LINCOLN — What a difference a preposition can make. Lakes and rivers and seas are bodies of water. Bodies in water are people swimming or bathing or otherwise relating to the element that covers 70 percent of the planet’s surface and makes up 60 percent of adult humans.
“Bodies in Water” is also the name of an exhibition that runs at the deCordova Sculpture Park and Museum through March 11. Organized by the museum’s Martina Tanga, it consists of 28 photographs drawn from the deCordova’s permanent collection. Clearly, the museum knows from water. After all, it’s located on Sandy Pond Road.
Light likes water, which admits and transforms it, as earth does not. This means photography likes water, too. Susan Derges’s four photographs here, with droplets in the foreground and her face in the background, memorably capture this relationship among eye, water, and light.
Our experience of water is universal: It begins at the very beginning, in the womb. Karl Baden evokes those beginnings, albeit slightly later in the process, with “First Bath.” Even without the title and explanatory label, the image would still be startling and memorable: A pair of tiny feet peek out from behind a bare back, with a towel and tub in the background.
Nearly all the other photographs involve water out of doors. A few, like Baden’s, present water within four walls. Stephan Brigidi captures two women enjoying bathing facilities far more ornate than the Baden bathroom. Charles “Teenie” Harris shows a schoolboy taking full, thirst-quenching advantage of a bubbler. John O’Reilly’s “Guitar Elegy” updates Jacques-Louis David’s painting “The Death of Marat,” with its display of history’s most famous (its only?) bathtub assassination.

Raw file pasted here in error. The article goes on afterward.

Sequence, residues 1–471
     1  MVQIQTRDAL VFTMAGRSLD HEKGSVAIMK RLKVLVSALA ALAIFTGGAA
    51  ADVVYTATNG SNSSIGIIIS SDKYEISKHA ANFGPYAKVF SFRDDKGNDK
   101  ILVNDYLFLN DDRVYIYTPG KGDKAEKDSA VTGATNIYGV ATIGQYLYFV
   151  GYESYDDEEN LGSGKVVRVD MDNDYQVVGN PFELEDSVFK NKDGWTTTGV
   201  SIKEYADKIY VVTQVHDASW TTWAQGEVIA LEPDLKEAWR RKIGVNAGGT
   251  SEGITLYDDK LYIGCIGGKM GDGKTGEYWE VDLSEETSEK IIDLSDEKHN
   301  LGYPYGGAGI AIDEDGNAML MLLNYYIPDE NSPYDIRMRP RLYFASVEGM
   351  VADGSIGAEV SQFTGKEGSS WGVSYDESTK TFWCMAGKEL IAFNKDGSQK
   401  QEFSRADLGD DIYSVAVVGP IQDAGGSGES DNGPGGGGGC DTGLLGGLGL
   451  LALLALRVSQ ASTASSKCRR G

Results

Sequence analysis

Where O’Reilly recalls David, Paul D’Amato’s “Woman Sitting on Open Pump — Chicago, 1991,” summons up Lisette Model’s “Coney Island Bather.” In both the D’Amato and Model images, water provides recreation and cooling. “Girl in Rain,” another D’Amato photograph from the same year and city, includes those elements, too. Arms spread, a young woman lies in a puddle during a rainstorm. But pleasure and temperature defer to the appearance of ritual. She could be having a religious experience.
This is one of the impressive things about “Bodies in Water” — and why it feels so much larger than the actual number of photographs would seem to justify. So many of the images manage to convey multiple aspects of the human relationship to water: spiritual as well as physical, threatening as well as restorative, aesthetic as well as sexual. Another Harris photograph, showing a lifeguard in a pool, looks as much like a baptism as a swimming lesson. Edward Weston’s famous nude of his wife, Charis, floating in a pool is as erotic as it is stylized.
Another reason the show feels larger is Tanga’s choosing so many images that complement each other. Duane Michals’s “I See a Beautiful Gigantic Swimmer” shows a hunky head and torso erupting from an otherwise-calm surface. It chimes with Arno Rafael Minkkinen’s portrait of his own blurred body emerging from a Finnish lake. The blur turns him into a flesh-and-blood waterspout. Now that is a human relationship to water.
BODIES IN WATER